I’m coming out of my RMC-SCBWI conference-induced fatigue,
and wanted to share some morsels
before the passion and meaning behind the words grow too dim.
Bruce Coville gave our keynote speech on Saturday morning.
My favorite line: "The blank page is hard, not because nothing’s
there, but because everything is there. The whole world."
He ended his talk (titled The Art of the Heart: Writing True for the Child)
with this: "Let us not take joy, let us give it. Let us give it courageously."
Just a short while later, I had my one-on-one critique with him.
He read the first 10 pages of BIRD BRAIN.
Good news: he thinks the voice is strong.
Not-as-good news: I need to rework the opening pages to set them in a scene
rather than exposition. I kind of knew that, but had a secret hope he’d love it as is!
(Major thanks again to for helping me out of a slump so I could get those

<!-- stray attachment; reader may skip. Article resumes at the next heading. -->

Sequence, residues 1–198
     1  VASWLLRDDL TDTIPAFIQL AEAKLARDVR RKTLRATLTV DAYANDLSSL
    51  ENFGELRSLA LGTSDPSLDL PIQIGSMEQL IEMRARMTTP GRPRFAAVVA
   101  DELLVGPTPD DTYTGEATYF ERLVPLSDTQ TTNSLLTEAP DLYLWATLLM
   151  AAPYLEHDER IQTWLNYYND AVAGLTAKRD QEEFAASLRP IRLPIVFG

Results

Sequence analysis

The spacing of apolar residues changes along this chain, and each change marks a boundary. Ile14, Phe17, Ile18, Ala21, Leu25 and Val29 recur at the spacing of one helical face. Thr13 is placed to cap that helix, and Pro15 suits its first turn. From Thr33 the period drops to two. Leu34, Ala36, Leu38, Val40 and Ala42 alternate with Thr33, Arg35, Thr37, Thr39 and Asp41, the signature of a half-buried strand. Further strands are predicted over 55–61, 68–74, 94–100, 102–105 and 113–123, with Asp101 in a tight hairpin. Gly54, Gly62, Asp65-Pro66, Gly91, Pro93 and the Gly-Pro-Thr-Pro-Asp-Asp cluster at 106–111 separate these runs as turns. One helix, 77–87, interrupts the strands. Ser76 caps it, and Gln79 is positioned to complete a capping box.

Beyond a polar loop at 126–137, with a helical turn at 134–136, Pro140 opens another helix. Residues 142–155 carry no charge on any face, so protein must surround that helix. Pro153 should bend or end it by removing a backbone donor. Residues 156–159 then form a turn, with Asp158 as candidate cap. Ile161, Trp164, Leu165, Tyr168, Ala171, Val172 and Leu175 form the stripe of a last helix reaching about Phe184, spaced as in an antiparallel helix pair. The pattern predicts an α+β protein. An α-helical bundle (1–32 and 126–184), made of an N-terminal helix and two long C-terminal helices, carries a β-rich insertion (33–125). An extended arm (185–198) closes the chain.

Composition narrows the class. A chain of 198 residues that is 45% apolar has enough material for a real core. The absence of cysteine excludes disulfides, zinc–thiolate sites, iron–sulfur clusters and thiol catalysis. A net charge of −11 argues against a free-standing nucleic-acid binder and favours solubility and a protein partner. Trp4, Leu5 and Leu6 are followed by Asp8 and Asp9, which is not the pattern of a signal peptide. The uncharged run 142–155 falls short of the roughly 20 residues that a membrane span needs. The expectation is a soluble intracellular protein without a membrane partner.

pages ready for submission!)
One of the few sessions I was able to attend (due to responsibilities), was Social Media 101.
Drew Shope, of Thrive Social Media, is a 25-year-old social media guru who convinced me to start tweeting.
I’m having fun thus far but fear the Undisciplined Time Suck.
I attended Elizabeth Law’s session on First Pages.
The overwhelming message of the day was Slow Down the Action.
(This is what was said regarding my first page from FRAMED, too.)
Of course, during another session, editor Kate Harrison and agent Elena Mechlin
both said they like a story that gets going immediately to pull them in.
(L-R Moderator Bobbi, Elizabeth Law, Elena Mechlin, Kate Harrison, Rotem Moscovich)
My favorite Elizabeth Law line of the weekend came in response to a question.
Q: If an editor or agent suggests revisions, is it appropriate to ask for clarification?
A: No, work in the dark. Spend a lot of time. Hope you get it right.
(The answer is, Of course!)
I had a wonderful time and bonded with Bruce Coville.
When my critique time was up, I thanked him.
He said, "You betcha!" then said with considerable dismay, "I sound like Sarah Palin."
That’s all it took. We were off and running (next writer hadn’t yet shown up).
It was a wonderful, exhausting weekend.
But next year, I hope to scale back on conference-day duties so I can fully enjoy.
(Local writers Stephanie Blake and Jeanne Kaufman yukking it up)